An improvised dollar economy is also not completely immune to hyperinflation. Prices are still going up, and they’re even higher now that they’re set in dollars. This makes it hard for many Venezuelans to afford everyday items. Dilmary Rivas, a neighbor of Ms. Aguilar, earns the equivalent of $120 per month working as a house cleaner. Three years ago, this income was enough to buy three months’ worth of groceries — if she was lucky enough to find them after standing hours in line. Today, her weekly wages allow for just the basics: sugar, coffee, milk, corn flour, cheese, cooking oil. Staples are no longer scarce, but they’re so expensive that other necessities like clothes and toiletries have become a luxury.
“If I buy a pair of socks, I can’t buy eggs,” Ms. Rivas said. “It’s like I traded one problem for another.”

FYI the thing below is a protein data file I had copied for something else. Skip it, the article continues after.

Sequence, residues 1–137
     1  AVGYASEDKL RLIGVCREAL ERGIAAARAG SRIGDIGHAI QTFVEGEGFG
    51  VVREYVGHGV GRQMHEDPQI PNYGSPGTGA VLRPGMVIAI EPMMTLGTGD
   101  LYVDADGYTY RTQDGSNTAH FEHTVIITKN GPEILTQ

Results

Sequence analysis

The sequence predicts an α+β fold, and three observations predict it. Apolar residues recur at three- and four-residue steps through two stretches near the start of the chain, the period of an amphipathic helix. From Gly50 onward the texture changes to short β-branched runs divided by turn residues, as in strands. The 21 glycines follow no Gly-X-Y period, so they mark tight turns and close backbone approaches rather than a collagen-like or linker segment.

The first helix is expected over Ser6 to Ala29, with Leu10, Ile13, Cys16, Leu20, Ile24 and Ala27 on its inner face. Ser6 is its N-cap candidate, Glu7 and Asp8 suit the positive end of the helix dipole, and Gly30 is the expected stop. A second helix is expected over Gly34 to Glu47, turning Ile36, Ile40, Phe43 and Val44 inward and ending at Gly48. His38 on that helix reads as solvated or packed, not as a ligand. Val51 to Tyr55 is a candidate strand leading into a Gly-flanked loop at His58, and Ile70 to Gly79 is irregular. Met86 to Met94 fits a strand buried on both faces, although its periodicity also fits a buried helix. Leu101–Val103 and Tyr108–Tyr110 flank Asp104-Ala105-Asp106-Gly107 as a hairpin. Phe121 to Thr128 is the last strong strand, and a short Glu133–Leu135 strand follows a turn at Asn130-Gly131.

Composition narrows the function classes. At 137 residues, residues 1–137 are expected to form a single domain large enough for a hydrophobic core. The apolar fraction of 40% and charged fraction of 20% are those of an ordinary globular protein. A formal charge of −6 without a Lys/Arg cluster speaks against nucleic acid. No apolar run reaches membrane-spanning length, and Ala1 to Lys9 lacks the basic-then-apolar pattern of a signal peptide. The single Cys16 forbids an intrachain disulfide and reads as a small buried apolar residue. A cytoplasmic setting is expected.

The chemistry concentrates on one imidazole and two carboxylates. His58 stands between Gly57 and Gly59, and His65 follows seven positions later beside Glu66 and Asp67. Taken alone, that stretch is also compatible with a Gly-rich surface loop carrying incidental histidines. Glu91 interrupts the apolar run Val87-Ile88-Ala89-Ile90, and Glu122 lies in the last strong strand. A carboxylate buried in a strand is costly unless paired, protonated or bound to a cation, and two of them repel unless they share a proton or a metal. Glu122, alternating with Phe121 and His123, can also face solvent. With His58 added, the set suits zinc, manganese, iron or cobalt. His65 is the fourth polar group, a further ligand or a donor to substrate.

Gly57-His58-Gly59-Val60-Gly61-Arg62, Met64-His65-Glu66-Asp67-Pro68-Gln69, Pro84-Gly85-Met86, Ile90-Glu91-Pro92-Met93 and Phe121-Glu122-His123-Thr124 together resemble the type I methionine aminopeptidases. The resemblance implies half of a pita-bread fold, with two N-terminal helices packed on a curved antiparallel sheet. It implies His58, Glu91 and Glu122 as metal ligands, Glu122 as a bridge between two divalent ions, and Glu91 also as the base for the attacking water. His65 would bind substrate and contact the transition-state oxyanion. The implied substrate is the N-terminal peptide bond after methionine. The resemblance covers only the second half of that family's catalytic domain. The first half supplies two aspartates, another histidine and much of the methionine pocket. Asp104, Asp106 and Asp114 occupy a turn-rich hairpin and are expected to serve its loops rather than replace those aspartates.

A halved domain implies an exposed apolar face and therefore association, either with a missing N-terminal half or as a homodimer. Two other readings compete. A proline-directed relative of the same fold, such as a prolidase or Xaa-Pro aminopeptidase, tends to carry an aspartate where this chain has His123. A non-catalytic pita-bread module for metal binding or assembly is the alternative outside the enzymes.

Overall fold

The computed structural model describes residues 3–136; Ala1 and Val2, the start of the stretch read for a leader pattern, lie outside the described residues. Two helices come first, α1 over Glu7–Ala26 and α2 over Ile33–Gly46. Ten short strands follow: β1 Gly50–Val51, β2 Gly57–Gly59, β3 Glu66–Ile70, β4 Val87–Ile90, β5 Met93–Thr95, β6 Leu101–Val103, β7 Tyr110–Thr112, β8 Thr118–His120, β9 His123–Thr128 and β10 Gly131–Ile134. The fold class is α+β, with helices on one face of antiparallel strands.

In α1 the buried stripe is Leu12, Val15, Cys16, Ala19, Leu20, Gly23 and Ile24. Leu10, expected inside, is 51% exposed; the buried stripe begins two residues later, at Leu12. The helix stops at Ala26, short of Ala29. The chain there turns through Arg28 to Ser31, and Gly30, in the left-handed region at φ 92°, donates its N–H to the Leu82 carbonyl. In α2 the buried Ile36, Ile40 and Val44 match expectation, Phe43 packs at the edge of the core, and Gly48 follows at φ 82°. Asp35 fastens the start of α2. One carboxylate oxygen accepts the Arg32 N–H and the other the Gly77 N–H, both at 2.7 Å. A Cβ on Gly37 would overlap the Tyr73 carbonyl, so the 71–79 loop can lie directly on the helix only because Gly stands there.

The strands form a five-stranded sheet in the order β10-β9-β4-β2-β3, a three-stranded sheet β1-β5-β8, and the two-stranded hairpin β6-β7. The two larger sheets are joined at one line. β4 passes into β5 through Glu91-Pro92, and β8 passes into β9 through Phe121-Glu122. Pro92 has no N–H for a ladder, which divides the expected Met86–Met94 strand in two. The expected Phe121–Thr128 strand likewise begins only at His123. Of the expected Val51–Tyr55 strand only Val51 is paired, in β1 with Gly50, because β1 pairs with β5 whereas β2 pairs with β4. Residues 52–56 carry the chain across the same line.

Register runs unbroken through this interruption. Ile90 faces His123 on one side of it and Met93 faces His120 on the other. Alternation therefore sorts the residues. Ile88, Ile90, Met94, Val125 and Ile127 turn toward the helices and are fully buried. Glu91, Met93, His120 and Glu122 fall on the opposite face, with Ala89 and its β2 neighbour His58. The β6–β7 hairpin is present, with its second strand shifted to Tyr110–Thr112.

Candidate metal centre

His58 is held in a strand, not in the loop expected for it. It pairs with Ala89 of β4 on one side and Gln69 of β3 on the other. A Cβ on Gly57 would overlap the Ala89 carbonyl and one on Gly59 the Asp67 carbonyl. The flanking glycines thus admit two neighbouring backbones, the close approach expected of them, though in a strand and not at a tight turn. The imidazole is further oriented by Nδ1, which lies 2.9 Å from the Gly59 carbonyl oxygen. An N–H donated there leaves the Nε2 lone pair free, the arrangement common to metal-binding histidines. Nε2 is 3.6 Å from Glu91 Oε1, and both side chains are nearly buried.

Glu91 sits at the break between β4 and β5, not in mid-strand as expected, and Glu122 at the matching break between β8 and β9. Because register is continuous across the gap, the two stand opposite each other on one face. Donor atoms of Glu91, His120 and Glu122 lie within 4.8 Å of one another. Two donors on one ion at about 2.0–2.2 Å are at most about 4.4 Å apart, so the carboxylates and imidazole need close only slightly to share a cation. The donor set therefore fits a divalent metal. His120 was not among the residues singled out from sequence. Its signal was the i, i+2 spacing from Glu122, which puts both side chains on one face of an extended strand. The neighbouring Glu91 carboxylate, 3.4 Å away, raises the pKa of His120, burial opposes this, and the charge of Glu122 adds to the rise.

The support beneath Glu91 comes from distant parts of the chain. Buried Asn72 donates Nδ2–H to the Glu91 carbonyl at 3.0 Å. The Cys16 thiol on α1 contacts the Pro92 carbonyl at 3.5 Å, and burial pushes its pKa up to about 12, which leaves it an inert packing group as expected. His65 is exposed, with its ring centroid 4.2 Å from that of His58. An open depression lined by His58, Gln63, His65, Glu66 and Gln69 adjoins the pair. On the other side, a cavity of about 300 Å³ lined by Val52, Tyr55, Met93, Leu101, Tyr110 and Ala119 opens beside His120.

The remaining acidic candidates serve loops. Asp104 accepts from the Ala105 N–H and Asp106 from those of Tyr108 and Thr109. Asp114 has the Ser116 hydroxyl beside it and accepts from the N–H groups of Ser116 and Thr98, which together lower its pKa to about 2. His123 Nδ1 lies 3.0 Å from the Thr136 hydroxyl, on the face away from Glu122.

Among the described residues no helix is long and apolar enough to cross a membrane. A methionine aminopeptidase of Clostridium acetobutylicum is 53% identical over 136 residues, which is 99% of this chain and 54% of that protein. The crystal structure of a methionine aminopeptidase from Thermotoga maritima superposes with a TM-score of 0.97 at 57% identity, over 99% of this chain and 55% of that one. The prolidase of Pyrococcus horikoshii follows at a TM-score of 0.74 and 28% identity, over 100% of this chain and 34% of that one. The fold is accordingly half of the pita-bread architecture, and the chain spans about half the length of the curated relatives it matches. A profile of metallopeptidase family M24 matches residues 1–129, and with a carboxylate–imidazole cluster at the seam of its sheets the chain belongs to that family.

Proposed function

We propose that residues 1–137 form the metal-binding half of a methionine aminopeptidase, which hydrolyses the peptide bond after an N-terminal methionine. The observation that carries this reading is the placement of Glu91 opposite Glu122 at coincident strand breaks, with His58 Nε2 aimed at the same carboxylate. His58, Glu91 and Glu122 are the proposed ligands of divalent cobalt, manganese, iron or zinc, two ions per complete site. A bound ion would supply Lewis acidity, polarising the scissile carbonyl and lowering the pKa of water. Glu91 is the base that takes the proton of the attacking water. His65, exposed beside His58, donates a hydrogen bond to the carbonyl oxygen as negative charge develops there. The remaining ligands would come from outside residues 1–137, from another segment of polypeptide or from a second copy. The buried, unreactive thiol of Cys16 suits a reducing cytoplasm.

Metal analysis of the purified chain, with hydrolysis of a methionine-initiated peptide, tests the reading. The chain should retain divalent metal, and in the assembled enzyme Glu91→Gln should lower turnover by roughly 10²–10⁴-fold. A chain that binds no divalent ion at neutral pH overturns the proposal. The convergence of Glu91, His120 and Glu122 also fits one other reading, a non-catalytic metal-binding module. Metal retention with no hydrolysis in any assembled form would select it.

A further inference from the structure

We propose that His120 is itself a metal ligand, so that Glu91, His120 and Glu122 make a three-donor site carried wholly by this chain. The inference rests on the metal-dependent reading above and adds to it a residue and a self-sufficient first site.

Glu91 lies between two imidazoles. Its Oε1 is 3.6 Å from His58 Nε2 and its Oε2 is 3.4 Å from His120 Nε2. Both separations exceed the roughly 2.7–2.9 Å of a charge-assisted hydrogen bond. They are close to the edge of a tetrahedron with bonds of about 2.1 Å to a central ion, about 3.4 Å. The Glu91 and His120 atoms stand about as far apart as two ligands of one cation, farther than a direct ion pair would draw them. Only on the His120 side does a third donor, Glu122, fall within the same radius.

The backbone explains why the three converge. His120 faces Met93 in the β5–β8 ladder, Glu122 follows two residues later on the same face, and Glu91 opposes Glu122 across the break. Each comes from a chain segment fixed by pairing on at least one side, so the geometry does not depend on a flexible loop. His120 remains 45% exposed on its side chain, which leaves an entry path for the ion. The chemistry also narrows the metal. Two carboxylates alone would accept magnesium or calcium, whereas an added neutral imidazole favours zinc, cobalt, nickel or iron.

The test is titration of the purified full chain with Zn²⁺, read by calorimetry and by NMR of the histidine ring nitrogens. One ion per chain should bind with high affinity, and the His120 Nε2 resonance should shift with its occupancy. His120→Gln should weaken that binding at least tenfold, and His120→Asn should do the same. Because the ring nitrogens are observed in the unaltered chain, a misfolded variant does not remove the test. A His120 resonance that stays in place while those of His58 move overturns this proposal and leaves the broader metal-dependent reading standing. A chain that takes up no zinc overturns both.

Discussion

The Venezuela of Hugo Chávez’s professed socialism — with food subsidies that initially helped the poor but soon resulted in chronic shortages — is slowly giving way to Mr. Maduro’s tropical brand of haphazard capitalism, where two currencies exist at odds with each other. There’s economic liberalization, but also repression, price distortions and inequality. And paradoxically, by providing the economy a lifeline to endure crippling U.S. sanctions and persistent inflation, the dollar economy helps Mr. Maduro remain in power.
For all Venezuelans to benefit from a dollar economy, the country would have to adopt the dollar as its sole currency by reaching an agreement between its central bank and the U.S. Federal Reserve. But for this and other deep economic reforms to happen, U.S. sanctions must be lifted.
That’s next to impossible under the political stalemate between Mr. Maduro, a president who is not recognized by the United States, and Juan Guaidó, the opposition leader recognized by Washington as interim president but who is struggling to stay relevant. With another round of negotiations underway in Mexico, Venezuelans may see some progress if the two leaders can agree on a timeline for free and fair elections.
In the meantime, Venezuelans are condemned to continue finding unconventional ways to live in the often absurd lettuce-based economy.
Virginia López Glass is a Venezuelan journalist. She was a senior correspondent for Al Jazeera English from 2015 to 2017.